LegalSpeak: Tennessee v. New Jersey State Laws on Alimony

Alimony Read more from
Chapter Family Law

T ennessee law provides for the following factors:

  • (1) The relative earning capacity, obligations, needs, and financial resources of each party, including income from pension, profit sharing or retirement plans and all other sources;

  • (2) The relative education and training of each party, the ability and opportunity of each party to secure such education and training, and the necessity of a party to secure further education and training to improve such party’s earning capacity to a reasonable level;

  • (3) The duration of the marriage;

  • (4) The age and mental condition of each party;

  • (5) The physical condition of each party; including, but not limited to, physical disability or incapacity due to a chronic debilitating disease;

  • (6) The extent to which it would be undesirable for a party to seek employment outside the home because such party will be custodian of a minor child of the marriage;

  • (7) The separate assets of each party, both real and personal, tangible and intangible;

  • (8) The provisions made with regard to the marital property as defined in § 36-4-121;

  • (9) The standard of living of the parties established during the marriage;

  • (10) The extent to which each party has made such tangible and intangible contributions to the marriage as monetary and homemaker contributions, and tangible and intangible contributions by a party to the education, training or increased earning power of the other party;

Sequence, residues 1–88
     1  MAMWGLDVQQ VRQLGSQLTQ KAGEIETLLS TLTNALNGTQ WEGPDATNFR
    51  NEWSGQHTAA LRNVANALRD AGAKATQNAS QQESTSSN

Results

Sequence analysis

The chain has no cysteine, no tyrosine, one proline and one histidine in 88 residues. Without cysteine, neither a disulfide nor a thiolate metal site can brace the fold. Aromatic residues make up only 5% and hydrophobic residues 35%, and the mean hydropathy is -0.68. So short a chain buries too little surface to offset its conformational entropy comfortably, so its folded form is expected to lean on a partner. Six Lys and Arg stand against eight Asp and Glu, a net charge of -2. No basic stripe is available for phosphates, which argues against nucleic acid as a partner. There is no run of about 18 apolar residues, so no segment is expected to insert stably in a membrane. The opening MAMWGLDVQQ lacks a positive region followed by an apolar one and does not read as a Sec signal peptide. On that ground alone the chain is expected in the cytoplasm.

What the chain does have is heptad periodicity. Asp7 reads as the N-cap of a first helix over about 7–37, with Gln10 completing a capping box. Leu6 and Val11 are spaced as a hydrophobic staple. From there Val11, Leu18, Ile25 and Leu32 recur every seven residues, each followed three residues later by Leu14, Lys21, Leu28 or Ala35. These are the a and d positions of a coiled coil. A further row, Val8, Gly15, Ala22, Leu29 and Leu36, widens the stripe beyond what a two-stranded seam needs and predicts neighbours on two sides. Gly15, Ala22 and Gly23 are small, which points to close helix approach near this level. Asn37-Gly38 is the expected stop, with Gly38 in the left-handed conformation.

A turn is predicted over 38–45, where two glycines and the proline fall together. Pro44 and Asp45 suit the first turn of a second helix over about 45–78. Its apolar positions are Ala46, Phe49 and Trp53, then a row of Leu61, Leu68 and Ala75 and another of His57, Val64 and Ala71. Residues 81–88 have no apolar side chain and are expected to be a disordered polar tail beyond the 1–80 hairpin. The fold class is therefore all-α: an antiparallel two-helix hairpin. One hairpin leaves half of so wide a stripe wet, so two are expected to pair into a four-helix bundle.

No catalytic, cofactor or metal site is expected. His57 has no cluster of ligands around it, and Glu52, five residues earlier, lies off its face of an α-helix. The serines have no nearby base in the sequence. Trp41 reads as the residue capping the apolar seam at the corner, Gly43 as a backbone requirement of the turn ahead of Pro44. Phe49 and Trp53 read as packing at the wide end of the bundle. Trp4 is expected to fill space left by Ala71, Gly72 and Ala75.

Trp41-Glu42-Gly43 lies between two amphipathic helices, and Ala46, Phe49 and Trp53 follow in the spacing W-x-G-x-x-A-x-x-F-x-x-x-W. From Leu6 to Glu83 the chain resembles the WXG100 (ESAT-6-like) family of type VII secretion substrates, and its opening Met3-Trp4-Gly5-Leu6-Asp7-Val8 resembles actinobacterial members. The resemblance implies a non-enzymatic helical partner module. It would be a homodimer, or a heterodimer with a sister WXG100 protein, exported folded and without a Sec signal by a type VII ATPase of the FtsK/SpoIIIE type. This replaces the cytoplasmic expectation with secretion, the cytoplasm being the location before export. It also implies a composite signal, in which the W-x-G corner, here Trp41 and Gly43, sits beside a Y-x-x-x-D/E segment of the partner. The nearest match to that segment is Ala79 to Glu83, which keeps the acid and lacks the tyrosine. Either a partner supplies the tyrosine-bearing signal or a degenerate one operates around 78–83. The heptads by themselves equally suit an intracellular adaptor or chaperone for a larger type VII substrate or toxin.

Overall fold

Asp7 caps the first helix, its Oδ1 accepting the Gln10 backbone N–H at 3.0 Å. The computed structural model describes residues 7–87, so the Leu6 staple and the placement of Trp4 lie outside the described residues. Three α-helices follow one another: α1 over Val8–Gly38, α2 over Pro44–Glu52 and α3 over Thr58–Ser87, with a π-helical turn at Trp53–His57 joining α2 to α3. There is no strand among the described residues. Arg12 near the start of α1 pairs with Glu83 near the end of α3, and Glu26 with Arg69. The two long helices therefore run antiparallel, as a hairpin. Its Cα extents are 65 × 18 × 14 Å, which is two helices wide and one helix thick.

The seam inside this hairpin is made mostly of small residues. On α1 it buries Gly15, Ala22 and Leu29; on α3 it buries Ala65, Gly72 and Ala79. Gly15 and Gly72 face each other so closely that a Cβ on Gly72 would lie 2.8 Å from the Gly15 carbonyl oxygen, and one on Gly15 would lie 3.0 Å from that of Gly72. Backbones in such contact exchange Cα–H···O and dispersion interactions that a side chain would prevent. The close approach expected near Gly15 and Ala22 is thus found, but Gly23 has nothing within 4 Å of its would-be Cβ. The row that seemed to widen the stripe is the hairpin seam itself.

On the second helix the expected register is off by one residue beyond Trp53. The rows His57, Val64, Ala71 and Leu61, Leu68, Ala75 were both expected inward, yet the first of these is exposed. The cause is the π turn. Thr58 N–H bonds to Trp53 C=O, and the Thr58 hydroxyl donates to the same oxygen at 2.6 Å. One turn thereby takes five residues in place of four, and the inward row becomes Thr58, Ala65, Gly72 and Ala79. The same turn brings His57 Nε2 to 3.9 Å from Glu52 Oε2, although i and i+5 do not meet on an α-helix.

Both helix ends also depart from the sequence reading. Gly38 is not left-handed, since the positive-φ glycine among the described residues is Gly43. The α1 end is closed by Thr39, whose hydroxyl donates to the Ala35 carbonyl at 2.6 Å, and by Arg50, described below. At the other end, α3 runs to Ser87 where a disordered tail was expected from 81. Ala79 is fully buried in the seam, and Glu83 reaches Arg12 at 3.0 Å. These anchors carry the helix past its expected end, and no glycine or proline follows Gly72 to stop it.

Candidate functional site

• (11) The relative fault of the parties in cases where the court, in its discretion, deems it appropriate to do so; and

  • (12) Such other factors, including the tax consequences to each party, as are necessary to consider the equities between the parties.

New Jersey, NJSA 2A:34–23(b)(1)-(13) considers many of the same factors:

  • (1) The actual need and ability of the parties to pay;

  • (2) The duration of the marriage;

  • (3) The age, physical and emotional health of the parties;

  • (4) The standard of living established in the marriage and the likelihood that each party can maintain a reasonably comparable standard of living;

  • (5) The earning capacities, educational levels, vocational skills, and employability of the parties;

  • (6) The length of absence from the job market of the party seeking maintenance;

  • (7) The parental responsibilities for the children;

  • (8) The time and expense necessary to acquire sufficient education or training to enable the party seeking maintenance to find appropriate employment …;

  • (9) The history of the financial or non-financial contributions to the marriage by each party …;

  • (10) The equitable distribution of property ordered and any payments on equitable distribution, directly or indirectly, out of current income, to the extent this consideration is reasonable, just and fair;

  • (11) The income available to either party through investment[s] …;

  • (12) The tax treatment and consequences to both parties of any alimony award …; and

  • (13) Any other factors which the court may deem just.


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